In our busy world, we rarely take the time to look closely to see things that often go unnoticed. Much can be learned when we slow down and really look at something. As one of our Habits of Mind, observation is essential to learning. Observation requires students to intentionally slow down and look closely to see details. From these details students start to form patterns and make connections. This leads to understanding not only the details they see, but how these parts interact systematically to form the whole. In projects at ESAA, observation can be found throughout the creative process. Observation is a form of research and discovery. Students use the details they uncover to wonder, think deeply, and analyze. These observations help students understand the complexities of the world around them.
To learn about Wisconsin landforms, second and third grade students participated in field experiences. They visited the Pigeon River, Kohler Andrae State Park and the Kettle Moraine area. Students were given field journals to record their observations and make connections and comparisons. At each site they were asked to participate in thinking routines to help them look closer. Teachers use Harvard's Project Zero thinking routines as a structure to focus and deepen thinking within their classrooms. Students participated in a See-Think-Wonder thinking routine during each of the field experiences. See-Think-Wonder allows students to look closely, develop their thinking and ask questions about what they see. The second and third grade students used their observations to focus their inquiry about the landforms. After returning to their classrooms students use the questions they developed during the field experience to drive their text research. This research was also used to support the claims they made about what they saw. On the Kettle Moraine Trail, students were asked to participate in Looking 10 x 2 thinking routines. In this routine, students look closely and record 10 things they see. They share these with others and then look again and record ten more. The second round of ten observations require the students to look closer and notice the details. They repeated this thinking routine in several places along the trail. These observations helped them make meaning of the landforms by comparing their observations and making claims about the how the different landforms may have been made. The second and third grade students will use their drawings and writings from their field observations, along with the knowledge gained from text research, to create maps of the areas they visited. The close looking while at Pigeon River, Kohler Andrae State Park and the Kettle Moraine area will be evident in the detail of the maps.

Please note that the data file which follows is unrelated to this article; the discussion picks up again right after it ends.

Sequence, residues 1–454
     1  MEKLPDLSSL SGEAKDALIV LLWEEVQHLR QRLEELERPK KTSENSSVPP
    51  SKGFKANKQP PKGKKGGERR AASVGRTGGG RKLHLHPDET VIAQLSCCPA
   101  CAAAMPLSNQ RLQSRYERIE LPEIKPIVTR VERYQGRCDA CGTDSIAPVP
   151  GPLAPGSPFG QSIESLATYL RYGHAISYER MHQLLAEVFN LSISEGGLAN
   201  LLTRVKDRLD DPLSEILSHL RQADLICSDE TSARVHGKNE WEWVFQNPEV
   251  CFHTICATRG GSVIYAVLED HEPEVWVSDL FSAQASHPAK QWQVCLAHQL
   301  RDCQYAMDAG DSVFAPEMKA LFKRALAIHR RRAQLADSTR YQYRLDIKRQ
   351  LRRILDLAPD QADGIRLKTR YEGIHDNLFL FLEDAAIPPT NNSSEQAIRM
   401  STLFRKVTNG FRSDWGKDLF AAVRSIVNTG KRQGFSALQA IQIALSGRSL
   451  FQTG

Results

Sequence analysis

Observation also has a role in evaluating and refining student work. Students evaluate the thinking and creating they have done at several stages throughout projects and make changes to refine their projects. Peers also help students to refine their work through feedback. Students look closely at their peer’s work in order to help them revise and refine specific area of their projects. This process of close looking, evaluating, and revising makes the student work more authentic.
In kindergarten, students look closely at photographs of insects in order to create scientific drawings. They start by looking at shapes and parts of the insect. They then draw what they see. Observation is also used to give feedback on the drawings. As a whole group the class looks closely at the photograph of the insect, compares it to the student drawing, and gives feedback about what they see. Students use a protocol to give warm feedback to area of the drawing they value because of the accuracy. They also give cool feedback to a specific area that may need improvement. The student then revises the drawing. This iterative process happens multiple times until the class, along with the student, observes that the drawing resembles the photograph.
Details emerge when students look closely. These details are parts of a whole. Observation helps students think deeply and ask questions about how the parts, their purposes, and interactions work together to form a whole. Developing this Habit of Mind guides students throughout their lives to be curious, ask questions, and help make sense of their world.